I do believe teachers of creative writing and English teachers would find much to appreciate in this poem. Experience for yourself but I believe Robert Fanning’s accessible poem, What is Written on the Leaves, rich in imagery, rhythm, and repetition would be suitable for older students.
An interesting thematic lesson might be to read Robert Fanning’s poem after reading Tim O’Brien’s The Things They Carried. How do these two works complement each other?
Additionally, parents will find his poem, Watching My Daughter Through the One Way Mirror of a Preschool Observation Room especially poignant.
Questions for Discussion
- What is your first reaction to his poem, What is Written on the Leaves?
- What images connect with you?
- What are 3 poetic devices that Robert Fanning uses in the poem?
- How does the use of repetition of the phrase “let go” add to the poem’s meaning?
- Who is the speaker in the poem?
- Why is it essential to hear poetry spoken aloud, or to speak it aloud ourselves?
- What does this inspire you to “dream, learn, do?”
One of the best dispositions a researcher can practice is curiosity.
Opening one’s mind to the world around you by a process of exploring, reflecting, reading and asking questions.
While you don’t always need to travel the world to do this, sometimes it can make all the difference.
Fifteen students from Northern Michigan University’s Theatre and Dance program recently embarked on a journey to London and Paris to immerse themselves in the performing arts at two of the world’s cultural capitals.
The students saw Shakespeare’s birthplace as well as a performance at the historic Globe Theatre. They danced the can-can and visited the Palace of Versailles.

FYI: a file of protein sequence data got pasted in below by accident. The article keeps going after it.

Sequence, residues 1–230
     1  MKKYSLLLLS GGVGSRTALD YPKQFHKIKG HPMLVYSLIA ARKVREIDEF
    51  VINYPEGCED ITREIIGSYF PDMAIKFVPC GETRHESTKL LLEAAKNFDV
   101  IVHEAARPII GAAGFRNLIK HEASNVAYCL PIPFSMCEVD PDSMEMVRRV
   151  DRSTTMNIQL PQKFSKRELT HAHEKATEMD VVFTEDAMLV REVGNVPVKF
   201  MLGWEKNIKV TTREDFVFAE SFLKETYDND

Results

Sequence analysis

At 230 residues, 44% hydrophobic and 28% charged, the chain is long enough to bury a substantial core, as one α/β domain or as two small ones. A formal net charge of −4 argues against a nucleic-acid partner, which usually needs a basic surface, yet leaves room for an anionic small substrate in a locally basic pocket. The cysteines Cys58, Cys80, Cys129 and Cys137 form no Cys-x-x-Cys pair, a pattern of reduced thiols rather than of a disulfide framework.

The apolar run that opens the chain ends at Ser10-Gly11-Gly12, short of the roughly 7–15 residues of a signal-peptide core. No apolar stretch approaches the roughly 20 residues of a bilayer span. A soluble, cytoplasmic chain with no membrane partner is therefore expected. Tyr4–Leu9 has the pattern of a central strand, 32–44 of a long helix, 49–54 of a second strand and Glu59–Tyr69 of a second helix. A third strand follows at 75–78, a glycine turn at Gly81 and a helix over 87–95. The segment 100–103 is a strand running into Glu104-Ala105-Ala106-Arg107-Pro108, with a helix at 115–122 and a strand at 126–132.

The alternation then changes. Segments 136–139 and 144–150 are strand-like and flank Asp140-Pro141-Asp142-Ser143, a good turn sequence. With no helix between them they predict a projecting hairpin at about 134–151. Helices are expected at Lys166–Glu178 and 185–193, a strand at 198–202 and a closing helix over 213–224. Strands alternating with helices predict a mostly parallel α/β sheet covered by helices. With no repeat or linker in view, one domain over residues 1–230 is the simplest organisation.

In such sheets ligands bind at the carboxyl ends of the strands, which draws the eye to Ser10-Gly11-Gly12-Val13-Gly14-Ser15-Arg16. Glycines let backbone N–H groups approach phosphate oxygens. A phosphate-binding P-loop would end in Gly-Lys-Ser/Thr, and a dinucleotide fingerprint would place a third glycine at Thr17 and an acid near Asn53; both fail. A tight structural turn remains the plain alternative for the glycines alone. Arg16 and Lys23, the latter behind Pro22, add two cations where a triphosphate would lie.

While the impact that this experience had on students and faculty may take years to unfold, it is clear that this was an important journey for some of the students-including those that had never traveled abroad.
NMU student Liz Caputo said it best, “I wanted to learn how similar and how different we are. The main thing that I noticed was everyone we talked to is just as passionate about the arts in both London and Paris as we are in the United States.”
To read Charlie Edwards article, please click here.
Question for Discussion:
- How can travel change your perspective on the world?
- What are some ways these NMU students could use this experience in their future work?
- Describe how recent trips you’ve taken have impacted you?
Michigan based poet Keith Taylor has been an astute and sympathetic observer of nature and the human condition for decades.
His dedication to teaching, writing, reading, and commenting on life and nature through his work has had a profound impact on me, for sure, but I believe for all of us dedicated to the mission of understanding this world in which we live.